5. Attribution is key: Be clear in your tweets about who is saying what. If you don’t attribute and/or use quotation marks when reporting what has been said, people can (and rightly will) assume it’s you saying it. If the speaker is on Twitter, find out what they are called on Twitter in advance, as their ‘handle’ will often be shorter than their name.
6. If you are quoting directly, use quotation marks. Think direct and indirect reported speech. Never assume anything you read online is from the public demain. Attribute other people’s ideas or anything else you quote. It’s not just good manners, it’s professional ethics.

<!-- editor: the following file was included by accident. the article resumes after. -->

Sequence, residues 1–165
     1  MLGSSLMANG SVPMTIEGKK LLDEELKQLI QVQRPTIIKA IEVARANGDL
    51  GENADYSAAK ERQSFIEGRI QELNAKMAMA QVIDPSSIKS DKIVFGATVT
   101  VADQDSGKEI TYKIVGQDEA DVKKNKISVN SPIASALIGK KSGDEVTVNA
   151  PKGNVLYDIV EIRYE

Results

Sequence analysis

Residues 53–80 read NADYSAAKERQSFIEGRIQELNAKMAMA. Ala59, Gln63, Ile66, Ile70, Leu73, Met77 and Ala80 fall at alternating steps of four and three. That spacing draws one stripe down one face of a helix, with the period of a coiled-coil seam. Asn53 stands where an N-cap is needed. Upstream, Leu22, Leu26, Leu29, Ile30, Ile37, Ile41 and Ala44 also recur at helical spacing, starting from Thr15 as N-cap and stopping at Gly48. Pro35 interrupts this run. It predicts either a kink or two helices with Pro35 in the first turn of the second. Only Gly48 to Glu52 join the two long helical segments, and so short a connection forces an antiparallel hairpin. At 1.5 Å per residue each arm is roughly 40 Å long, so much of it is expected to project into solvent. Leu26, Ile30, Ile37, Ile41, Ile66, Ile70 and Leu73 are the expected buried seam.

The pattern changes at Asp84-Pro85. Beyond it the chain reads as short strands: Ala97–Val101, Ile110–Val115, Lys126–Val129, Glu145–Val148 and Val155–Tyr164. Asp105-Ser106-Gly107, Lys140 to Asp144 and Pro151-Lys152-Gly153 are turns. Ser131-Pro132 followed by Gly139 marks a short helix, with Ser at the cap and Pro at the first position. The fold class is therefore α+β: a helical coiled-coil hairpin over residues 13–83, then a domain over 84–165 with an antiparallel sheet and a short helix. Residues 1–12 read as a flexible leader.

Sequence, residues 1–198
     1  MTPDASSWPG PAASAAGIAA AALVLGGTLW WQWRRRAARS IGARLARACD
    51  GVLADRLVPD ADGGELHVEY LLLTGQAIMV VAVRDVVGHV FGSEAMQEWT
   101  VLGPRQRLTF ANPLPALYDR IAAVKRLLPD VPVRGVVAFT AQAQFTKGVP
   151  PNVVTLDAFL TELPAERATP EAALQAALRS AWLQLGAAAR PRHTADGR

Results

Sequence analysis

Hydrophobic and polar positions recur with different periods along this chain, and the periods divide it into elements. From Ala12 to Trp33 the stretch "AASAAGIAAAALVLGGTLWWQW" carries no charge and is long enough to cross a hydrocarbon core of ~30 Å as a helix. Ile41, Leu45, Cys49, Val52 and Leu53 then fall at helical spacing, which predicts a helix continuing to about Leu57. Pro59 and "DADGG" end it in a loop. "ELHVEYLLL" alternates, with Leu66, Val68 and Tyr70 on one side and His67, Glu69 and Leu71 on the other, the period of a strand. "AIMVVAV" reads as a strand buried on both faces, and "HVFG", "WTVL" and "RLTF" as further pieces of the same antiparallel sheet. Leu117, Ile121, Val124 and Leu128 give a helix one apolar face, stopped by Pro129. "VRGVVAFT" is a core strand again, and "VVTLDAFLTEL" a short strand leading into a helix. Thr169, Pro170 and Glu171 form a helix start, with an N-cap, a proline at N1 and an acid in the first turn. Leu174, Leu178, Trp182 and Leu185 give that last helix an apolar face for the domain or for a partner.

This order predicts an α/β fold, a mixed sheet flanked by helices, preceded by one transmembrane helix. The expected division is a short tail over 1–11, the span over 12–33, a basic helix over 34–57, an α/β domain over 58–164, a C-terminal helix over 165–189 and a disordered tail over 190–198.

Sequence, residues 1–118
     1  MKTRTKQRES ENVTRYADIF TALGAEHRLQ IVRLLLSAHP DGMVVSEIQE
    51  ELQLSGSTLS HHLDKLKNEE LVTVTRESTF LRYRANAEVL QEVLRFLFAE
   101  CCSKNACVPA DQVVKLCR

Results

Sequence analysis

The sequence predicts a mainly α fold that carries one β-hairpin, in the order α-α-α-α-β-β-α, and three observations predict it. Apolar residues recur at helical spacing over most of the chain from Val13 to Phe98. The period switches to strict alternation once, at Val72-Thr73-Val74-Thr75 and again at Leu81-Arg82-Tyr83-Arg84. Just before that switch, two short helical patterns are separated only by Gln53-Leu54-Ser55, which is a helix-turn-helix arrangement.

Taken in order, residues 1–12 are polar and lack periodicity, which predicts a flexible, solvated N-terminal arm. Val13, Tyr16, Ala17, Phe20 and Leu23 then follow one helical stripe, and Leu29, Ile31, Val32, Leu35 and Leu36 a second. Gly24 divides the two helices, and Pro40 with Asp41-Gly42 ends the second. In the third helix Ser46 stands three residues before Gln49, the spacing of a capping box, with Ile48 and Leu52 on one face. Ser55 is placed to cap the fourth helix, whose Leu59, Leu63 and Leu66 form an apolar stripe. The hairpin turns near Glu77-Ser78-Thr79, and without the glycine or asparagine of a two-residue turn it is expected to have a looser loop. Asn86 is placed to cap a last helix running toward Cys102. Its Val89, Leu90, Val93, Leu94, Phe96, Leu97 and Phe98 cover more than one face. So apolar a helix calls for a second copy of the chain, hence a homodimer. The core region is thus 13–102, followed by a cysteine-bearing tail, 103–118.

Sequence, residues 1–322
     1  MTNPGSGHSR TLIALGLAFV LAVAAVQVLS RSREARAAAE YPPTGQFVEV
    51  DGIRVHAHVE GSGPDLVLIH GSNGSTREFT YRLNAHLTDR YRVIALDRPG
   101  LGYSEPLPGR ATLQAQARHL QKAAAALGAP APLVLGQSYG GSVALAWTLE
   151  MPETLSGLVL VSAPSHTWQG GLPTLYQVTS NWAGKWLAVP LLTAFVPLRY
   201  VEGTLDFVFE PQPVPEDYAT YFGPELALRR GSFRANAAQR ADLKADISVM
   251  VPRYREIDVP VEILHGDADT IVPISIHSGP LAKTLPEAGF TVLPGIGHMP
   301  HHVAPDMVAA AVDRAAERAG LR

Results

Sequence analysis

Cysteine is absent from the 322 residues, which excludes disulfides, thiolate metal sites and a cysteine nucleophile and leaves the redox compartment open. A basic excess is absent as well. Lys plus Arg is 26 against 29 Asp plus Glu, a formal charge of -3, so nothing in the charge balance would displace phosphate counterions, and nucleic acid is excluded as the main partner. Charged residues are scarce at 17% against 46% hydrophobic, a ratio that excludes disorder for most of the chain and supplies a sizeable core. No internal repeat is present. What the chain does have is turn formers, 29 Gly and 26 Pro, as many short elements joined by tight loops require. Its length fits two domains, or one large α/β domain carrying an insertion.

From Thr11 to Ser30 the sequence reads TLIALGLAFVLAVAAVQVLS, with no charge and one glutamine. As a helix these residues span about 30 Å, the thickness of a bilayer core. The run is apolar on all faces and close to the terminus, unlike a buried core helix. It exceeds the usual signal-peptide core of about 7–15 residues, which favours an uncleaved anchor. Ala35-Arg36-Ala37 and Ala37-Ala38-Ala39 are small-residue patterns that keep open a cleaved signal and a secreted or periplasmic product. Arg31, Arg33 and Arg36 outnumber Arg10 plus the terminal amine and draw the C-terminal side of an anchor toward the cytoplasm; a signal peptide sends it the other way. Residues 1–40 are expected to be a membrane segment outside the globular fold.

I think this is what sparked Twittergate, not following these two.
I don’t use pics on Twitter, so I don’t care about those rules.
9. Link liberally. Search for references as speakers present. Share with your followers the resources the presenters are showing in the room â€“ unless you are not meant to and one should expect speakers and/or organisers to indicate this in advance.
Most trouble I got in for posting was for this. I showed the resources he showed and discussed them–which, by the way, he did not.
Will link to this post for our CCTE presentations.